Bringing back Poetl and adding Schroder ensures that the Raptors don’t totally fall off the cliff next year, but it certainly won’t make them any better – and in the meantime, they aren’t accumulating any valuable draft capital hovering in the mid-range.

Here’s a good rule of thumb, though – you never want to be in No Man’s Land, and that’s exactly where Toronto appears to be at the moment.

Winner - Golden State Warriors

Oftentimes, basketball fans tend to downplay Draymond Green’s importance to this Warriors’ team as he grows older simply because he doesn’t score as much as he used to – but make no mistake about, Draymond still finished 4th in the Defensive Player of the Year voting last year, and bringing him back on a four-year, $100 million deal is a huge win for Golden State.

The Warriors have posted a miserable record of 31-45 in the 76 contests that Green has missed since the 2019-20 season, a pretty large sample size, and their most recent campaign was no exception, as Golden State went 3-6 in nine games without Green last year.

It may not always be visible on the stat sheet, but Green is crucial to the identity of this Golden State’ team, and without him, it’s tough to say how much longer “the Warriors as we know them” would continue to exist.

The Warriors were never the same following Green’s infamous scuffle with Jordan Poole last preseason – and people began to wonder if the clock was running out on this Golden State’ team.

But in the aftermath of Poole’s departure and the addition of Chris Paul, it seems like the Warriors have successfully pressed the reset button to two years ago when they won a title.

Plus, they’ve managed to replace an immature asset in Poole with a savvy veteran in CP3, which in theory, should help improve morale and provide them with some much-needed late-game scoring on the road  – long live the Warriors’ dynasty.

Loser - Dallas Mavericks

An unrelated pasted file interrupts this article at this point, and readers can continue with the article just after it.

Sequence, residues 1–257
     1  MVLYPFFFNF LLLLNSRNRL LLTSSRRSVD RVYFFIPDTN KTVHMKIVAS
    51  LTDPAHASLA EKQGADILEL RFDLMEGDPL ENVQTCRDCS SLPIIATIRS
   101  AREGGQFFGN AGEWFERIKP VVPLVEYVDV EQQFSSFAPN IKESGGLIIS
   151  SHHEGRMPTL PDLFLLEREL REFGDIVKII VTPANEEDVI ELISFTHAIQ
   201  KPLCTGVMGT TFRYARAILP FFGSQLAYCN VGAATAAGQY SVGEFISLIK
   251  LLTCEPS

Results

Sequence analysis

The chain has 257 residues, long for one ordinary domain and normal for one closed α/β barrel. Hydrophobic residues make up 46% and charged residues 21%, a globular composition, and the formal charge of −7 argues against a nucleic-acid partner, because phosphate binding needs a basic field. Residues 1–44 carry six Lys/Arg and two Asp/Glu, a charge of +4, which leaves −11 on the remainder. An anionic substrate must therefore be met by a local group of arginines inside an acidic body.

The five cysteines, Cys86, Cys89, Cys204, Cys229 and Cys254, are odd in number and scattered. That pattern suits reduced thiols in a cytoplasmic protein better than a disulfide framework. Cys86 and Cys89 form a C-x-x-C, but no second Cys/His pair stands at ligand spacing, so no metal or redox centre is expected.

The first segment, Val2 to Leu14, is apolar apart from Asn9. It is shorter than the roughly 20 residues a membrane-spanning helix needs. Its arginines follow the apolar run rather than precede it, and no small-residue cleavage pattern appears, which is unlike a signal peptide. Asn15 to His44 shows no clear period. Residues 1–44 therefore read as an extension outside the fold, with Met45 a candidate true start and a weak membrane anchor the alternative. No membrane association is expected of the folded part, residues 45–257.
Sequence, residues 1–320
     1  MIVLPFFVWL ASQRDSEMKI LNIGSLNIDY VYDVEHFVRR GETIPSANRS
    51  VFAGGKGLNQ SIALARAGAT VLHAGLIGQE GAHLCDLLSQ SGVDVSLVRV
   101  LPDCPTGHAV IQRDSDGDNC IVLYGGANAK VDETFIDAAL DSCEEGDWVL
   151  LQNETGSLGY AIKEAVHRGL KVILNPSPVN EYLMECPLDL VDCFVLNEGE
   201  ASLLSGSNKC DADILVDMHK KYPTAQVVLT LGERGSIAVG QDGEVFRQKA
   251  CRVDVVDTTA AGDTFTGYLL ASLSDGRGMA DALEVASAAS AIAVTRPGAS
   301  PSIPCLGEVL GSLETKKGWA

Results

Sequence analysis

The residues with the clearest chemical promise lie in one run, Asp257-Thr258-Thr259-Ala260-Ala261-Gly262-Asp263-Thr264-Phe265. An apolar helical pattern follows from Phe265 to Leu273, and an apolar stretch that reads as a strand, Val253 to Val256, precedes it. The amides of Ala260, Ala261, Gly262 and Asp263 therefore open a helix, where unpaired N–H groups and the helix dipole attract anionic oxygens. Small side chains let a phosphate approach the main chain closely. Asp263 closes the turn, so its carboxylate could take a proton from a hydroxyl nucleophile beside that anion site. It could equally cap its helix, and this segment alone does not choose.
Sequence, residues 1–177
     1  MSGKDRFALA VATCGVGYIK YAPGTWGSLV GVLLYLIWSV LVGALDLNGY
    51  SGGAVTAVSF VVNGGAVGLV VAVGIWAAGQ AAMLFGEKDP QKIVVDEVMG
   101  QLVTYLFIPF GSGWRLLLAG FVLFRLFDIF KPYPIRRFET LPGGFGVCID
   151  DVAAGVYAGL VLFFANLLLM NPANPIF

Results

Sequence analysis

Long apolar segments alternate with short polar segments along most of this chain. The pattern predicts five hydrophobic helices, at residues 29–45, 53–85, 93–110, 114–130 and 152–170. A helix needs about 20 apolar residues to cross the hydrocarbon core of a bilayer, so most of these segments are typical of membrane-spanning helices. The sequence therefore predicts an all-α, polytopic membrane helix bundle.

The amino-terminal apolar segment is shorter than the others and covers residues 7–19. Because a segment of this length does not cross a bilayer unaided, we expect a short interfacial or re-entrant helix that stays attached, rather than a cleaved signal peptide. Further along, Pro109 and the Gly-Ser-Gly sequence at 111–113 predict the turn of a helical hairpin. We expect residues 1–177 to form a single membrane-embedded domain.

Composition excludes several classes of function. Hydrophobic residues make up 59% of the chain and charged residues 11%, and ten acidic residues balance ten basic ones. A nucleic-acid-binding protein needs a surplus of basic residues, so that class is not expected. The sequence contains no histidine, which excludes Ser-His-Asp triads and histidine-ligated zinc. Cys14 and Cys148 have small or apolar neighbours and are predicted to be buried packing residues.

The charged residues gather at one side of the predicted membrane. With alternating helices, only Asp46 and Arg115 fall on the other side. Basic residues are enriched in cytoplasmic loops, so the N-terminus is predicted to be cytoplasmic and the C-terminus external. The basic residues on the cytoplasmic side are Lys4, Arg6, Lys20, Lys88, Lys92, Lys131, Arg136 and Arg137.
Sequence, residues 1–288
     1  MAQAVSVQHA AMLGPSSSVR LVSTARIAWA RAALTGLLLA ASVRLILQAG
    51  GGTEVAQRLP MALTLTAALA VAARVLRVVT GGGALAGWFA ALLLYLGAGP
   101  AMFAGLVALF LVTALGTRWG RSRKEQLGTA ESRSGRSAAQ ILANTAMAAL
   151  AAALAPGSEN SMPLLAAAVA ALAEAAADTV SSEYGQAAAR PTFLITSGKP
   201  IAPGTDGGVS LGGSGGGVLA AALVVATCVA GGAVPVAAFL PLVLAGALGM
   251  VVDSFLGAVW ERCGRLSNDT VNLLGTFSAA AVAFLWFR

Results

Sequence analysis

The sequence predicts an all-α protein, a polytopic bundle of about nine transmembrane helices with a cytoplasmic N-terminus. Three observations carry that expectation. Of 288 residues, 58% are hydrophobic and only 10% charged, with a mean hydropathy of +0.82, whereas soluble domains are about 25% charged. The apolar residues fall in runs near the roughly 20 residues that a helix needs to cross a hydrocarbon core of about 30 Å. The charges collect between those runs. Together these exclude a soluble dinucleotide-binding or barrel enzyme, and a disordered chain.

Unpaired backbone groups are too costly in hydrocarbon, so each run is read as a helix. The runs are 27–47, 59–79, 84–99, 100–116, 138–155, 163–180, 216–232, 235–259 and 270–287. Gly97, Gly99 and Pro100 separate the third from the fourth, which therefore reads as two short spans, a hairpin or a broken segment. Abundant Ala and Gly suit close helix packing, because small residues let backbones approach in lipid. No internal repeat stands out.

Lastly, we’ll talk about the Dallas Mavericks, who should also be considered “losers” at this point in free agency after agreeing to terms with Kyrie Irving on a three-year, $126 million deal.

There’s no way to spin this situation in a positive way for the Mavs unless they’re banking on the Luka-Kyrie experiment playing out much differently next season.

Since leaving Cleveland, Irving has become an absolute plague. He’s forced three teams to trade him since 2017, and garnered very little postseason success to show for it – without even taking into account his off-the-court issues.

Kyrie is an incredible basketball player, and the Mavericks sacrificed a ton of trade capital to acquire him. So they couldn’t just let him walk in free agency – but all things considered, the quickest route out of this mess is by the current version of this Dallas’ team living up to its full potential.

The odds are certainly stacked against them. The Mavericks posted a record of 5-11 with Kyrie in the lineup last season, and there’s not much depth behind their superstar duo – but it’s tough to imagine their struggles continuing at such an alarming rate as the duo’s chemistry grows and develops.

There will be good days, and there will be bad days for this Dallas’ team – probably more bad than good, but we’ll see. 

That said, though, the Mavericks are going to look great at times, sometimes for extensive stretches, and the trade market will return for Kyrie, just like it always does – and that’s when Dallas will strike, shipping him off to another fringe contender.

But until that happens, consider this move a “loser.”